JF: My musical cravings are all over the place right now, but generally i want quiet: Joanna Newsom, Sufjan Stevens, Simon and Garfunkel, Gregory Isaacs...

NL: Well of course we're on a John Prine kick. What an incredible gift he was. I usually listen to WNYC and newsy podcasts all day long at the studio, but my husband can only take so much, which is probably healthy right now.

It can be hard to get exercise when we’re inside most of the day. Have you found fun ways to get physical activity in?

JF: Paradoxically, I find I'm better about making time to exercise in quarantine than I was before staying "safe at home.” I've always been too self-conscious for dance classes, but now my new favorite thing is the classes streaming live every day on Instagram—it gets me out of my head in a way I really desperately need these days.

NL: I am not a workout person and I'm used to just walking a ton and doing physical work, so I am trying to compensate but it's pretty unnatural. I have done 4 yoga videos in about as many weeks. My only window is my daughter's 2-hour nap, and I'm usually hungry or doing dishes or trying to order food.

Have you begun any unexpected projects?

JF: Ummm my commitment to sourdough and dance are both very unexpected.

NL: I wish.

If you’re currently working from home, what helps you balance home life from work life? Do you have any boundaries between the two that keep you productive? 

JF: Honestly there is no balance right now. My husband and I are supervising my son's remote learning while trying to stay on top of our own work, and I'm also taking care of most of the cooking and cleaning. I can't set boundaries, but I can try to be patient and gentle with myself and my family. Today I decided to let my son work at his own pace with as many play breaks as he needed and we were all 10,000 times happier, so maybe that is the answer?

NL: My husband and I are both unable to work from home, but I'm trying to figure out a way to work with clay at home. Trying! I've been into the studio a few times just to pack orders for shipping, and I have found myself so energized even from a couple of hours of a change of scenery and the break from being on Mama-duty.

How have you been staying connected to family, friends, and the outside world? 

JF: So grateful for Zoom. We do weekly family reunions with my siblings and their kids and my parents; I had a long overdue grad school mini-reunion via Zoom, and this week I have a Zoom book club, scrabble, and a birthday party. If I ignore how fucking strange it is, it's lovely.

NL: I generally hate FaceTime but i'm grateful for it now. I generally am not pleased with how much more time I'm spending on my phone. It was already too much. That's the project I want to work on, but I miss my friends and family so much, I keep wanting to connect but the rabbit hole gets me every time.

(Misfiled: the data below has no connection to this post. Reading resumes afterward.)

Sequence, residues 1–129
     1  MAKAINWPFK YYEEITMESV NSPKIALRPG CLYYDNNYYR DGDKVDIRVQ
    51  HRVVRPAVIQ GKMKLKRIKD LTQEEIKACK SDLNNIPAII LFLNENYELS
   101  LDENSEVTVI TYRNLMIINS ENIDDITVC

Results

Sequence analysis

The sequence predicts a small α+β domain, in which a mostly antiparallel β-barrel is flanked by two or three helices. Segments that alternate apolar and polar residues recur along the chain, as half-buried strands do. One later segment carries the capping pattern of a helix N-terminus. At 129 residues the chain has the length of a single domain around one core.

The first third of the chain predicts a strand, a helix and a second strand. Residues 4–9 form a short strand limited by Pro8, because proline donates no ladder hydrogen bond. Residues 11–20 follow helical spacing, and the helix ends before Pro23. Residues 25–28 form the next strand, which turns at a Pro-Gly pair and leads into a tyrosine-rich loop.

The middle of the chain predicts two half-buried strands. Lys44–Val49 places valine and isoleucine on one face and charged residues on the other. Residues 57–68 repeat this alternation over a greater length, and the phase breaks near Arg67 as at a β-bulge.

Any tips for boosting our immune systems and staying healthy?

JF: I think all this home cooking is inherently healthier. I’ve been trying to make sure to eat citrus fruits and leafy greens every day, and to make sure I'm moving and breathing. Also just getting to sleep later feels really good.

NL: What Jennifer said!

Do you have any general/overall advice for remaining calm during this period? What has felt restorative for you?

JF:  Allow yourself to be unproductive if that is what feels right. We are in this for a very long time and we all need to allow ourselves the time and space to ease into this slowly and not feel pressure to do everything all at once. I think we all need time to grieve too, it's definitely been a roller coaster around here.

NL: Wine? I think I feel more sad than anxious at this point. I feel so very aware of how fortunate we are, who can really stay home and be cautious. I feel like I can't complain, but I know it's taking a toll on us all. I'm angry and worried about what is happening to people, and how much worse it is than it had to be. We are financially fucked of course, but I have to be hopeful that we will get support and get back to having an income. Being locked up with a toddler is exhausting, but she's also blissfully unaware and demands fun and joy even when I'm not feeling it. So I muster it. She is also experimenting with making loud sounds like roaring and screaming, which I've joined in on, and recommend highly.


Editorial Images by Chelsea Lane White and Portrait Image by MONDAYS 
Interview by Ivy Schneider